I've got a project which has two source folders (main and lib). It produces a shared library and an executable. It is currently built as so:

  • copy all files from both folders into a new temp folder
  • run lib_makefile
  • run main_makefile
  • copy binaries out
  • delete temp folder

This struck me as being a weird way to do things, so I tried building each in-place by adding -I../main to lib_makefile (and vice-versa). Unfortunately, this doesn't seem to work.

Illustrative example: foo.cpp (in lib) includes bar.h (in main), which includes baz.h (back in lib).

When I try to compile the shared lib, it correctly locates bar.h in main/, but then bails out with "no such file or directory" claiming it cannot find baz.h, even though baz.h is in the same directory as lib_makefile!

All includes are in the format #include "xxx.h" (i.e no relative paths in the include statements).

Is there a way to get this to work? I feel like I must be missing something obvious..

(nb: I can't modify the #includes because other people still build this the copy-everything-across way)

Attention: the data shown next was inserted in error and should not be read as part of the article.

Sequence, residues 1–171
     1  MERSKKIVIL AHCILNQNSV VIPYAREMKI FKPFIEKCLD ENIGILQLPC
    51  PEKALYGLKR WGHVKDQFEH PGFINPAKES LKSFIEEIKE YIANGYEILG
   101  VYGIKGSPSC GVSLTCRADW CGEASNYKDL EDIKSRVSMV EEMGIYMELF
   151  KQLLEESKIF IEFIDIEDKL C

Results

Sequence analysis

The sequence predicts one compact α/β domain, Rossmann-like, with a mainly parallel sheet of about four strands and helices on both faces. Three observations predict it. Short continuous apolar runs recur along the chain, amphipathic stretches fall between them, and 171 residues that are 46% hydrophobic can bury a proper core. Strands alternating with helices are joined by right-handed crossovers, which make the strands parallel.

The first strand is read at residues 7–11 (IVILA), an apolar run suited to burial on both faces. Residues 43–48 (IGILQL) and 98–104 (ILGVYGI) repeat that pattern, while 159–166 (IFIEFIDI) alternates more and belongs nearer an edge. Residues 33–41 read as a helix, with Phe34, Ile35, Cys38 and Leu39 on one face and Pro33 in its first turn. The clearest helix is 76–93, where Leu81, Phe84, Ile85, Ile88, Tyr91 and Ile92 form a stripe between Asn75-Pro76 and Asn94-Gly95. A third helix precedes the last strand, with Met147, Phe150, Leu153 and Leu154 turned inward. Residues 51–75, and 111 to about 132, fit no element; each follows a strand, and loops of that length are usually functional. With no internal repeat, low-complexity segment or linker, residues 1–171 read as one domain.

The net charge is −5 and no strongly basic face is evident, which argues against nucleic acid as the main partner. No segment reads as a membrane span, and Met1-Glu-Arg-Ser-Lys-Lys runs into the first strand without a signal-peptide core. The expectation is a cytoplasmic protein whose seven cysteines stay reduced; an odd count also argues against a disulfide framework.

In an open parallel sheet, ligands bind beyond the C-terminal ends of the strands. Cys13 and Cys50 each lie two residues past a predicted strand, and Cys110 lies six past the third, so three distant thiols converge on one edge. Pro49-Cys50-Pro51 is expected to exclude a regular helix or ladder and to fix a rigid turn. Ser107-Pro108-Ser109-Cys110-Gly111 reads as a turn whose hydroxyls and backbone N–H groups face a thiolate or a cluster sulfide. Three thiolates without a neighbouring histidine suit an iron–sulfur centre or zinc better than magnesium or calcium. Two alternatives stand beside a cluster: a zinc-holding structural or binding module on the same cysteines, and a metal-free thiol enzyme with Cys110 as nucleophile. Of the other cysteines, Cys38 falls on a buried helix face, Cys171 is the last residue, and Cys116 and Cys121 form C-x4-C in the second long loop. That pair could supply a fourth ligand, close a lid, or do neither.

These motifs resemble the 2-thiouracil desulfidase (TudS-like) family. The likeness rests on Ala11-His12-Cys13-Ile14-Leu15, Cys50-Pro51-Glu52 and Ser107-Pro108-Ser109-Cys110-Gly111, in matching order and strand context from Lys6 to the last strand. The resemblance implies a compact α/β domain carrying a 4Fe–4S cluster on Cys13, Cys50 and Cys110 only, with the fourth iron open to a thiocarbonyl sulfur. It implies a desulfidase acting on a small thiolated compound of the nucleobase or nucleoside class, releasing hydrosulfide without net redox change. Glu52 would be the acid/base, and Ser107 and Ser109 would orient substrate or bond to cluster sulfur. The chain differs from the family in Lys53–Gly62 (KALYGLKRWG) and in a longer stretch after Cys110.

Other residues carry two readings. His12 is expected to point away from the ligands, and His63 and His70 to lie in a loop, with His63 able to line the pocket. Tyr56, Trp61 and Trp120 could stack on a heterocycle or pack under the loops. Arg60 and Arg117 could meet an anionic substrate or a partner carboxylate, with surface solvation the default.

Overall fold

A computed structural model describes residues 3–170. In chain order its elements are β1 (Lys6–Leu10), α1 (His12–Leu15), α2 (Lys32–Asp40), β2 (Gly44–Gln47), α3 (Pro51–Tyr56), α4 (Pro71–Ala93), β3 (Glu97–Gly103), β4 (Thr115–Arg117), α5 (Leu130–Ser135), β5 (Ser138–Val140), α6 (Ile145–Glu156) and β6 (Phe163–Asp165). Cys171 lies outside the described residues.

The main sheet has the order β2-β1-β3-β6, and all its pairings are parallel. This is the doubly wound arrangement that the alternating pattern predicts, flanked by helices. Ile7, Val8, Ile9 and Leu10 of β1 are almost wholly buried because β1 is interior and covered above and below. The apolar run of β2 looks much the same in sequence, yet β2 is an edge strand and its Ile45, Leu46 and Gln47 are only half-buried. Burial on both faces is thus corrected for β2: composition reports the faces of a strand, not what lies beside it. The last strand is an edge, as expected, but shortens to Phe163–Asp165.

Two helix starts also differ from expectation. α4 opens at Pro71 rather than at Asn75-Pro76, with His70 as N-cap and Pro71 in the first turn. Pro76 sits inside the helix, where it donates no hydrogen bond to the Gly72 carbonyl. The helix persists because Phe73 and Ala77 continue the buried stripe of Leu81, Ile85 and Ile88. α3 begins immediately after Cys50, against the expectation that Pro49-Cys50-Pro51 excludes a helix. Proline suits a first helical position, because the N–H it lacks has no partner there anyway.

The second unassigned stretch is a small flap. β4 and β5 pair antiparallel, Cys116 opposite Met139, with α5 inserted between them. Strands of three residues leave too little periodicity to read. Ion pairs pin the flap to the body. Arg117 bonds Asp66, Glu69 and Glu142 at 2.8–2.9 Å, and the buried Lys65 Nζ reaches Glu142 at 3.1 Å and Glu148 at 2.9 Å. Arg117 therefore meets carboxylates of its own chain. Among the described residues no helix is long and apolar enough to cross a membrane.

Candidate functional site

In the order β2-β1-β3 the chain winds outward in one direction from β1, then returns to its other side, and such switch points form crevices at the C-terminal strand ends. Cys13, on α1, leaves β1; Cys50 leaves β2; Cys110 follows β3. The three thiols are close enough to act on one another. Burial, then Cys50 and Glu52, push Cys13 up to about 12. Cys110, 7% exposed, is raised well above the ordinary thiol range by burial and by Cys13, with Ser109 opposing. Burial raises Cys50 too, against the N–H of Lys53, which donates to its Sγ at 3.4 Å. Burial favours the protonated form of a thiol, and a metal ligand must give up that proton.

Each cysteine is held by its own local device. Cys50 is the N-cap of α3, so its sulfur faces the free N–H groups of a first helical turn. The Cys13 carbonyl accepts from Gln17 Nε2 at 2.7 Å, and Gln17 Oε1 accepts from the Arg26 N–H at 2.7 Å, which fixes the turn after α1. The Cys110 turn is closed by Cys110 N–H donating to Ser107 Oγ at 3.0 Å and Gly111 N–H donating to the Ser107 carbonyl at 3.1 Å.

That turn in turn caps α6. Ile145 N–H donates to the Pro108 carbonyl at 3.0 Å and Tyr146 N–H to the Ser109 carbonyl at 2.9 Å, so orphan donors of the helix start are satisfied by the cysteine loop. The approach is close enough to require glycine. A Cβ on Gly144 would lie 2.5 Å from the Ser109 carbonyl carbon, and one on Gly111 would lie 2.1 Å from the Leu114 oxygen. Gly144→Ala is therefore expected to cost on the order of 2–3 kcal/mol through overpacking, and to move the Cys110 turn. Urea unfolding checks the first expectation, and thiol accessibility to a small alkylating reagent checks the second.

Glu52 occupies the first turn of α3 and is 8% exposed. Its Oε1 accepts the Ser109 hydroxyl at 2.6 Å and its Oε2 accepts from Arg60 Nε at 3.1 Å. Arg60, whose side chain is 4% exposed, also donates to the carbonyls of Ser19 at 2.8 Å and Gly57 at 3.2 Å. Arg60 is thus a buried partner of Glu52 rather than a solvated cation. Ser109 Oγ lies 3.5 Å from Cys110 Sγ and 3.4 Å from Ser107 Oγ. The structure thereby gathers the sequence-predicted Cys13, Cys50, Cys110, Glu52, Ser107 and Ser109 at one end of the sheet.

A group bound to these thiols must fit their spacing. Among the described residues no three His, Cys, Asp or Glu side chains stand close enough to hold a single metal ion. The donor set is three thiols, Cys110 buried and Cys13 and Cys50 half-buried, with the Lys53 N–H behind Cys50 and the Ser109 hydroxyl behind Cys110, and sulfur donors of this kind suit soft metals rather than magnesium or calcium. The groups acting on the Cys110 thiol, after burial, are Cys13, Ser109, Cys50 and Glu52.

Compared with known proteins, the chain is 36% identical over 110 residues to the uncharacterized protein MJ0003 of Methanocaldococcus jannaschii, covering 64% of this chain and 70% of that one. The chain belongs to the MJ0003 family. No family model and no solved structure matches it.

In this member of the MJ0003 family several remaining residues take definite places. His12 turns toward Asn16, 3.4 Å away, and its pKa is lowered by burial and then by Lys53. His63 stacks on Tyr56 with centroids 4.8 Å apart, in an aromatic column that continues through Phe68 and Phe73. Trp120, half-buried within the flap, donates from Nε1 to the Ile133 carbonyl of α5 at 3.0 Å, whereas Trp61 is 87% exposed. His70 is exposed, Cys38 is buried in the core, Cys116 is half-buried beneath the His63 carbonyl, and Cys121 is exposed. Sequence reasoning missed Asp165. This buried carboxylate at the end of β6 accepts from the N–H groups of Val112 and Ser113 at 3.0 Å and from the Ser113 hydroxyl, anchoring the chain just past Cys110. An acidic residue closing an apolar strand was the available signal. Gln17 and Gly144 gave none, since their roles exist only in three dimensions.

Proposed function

• Have you tried also adding something like -I../lib to the library makefile too? Aug 28, 2012 at 8:44
  • 1
    It does include 'this directory' but when processing a file in ../main that is 'this directory', not the one you ran make from Aug 28, 2012 at 8:58

1 Answer 1


You should add something like -I../lib (or whatever your library path is) to the makefile for the library as well.

The reason for this is that the pre-processor looks for include-files relative to the directory the current file is in, not from where the original file is in.

  • 1
    Or simply -I. since that's the same as -I../lib when in the lib dir Aug 28, 2012 at 8:57

Your Answer

By clicking “Post Your Answer”, you agree to our terms of service, privacy policy and cookie policy

Not the answer you're looking for? Browse other questions tagged or ask your own question.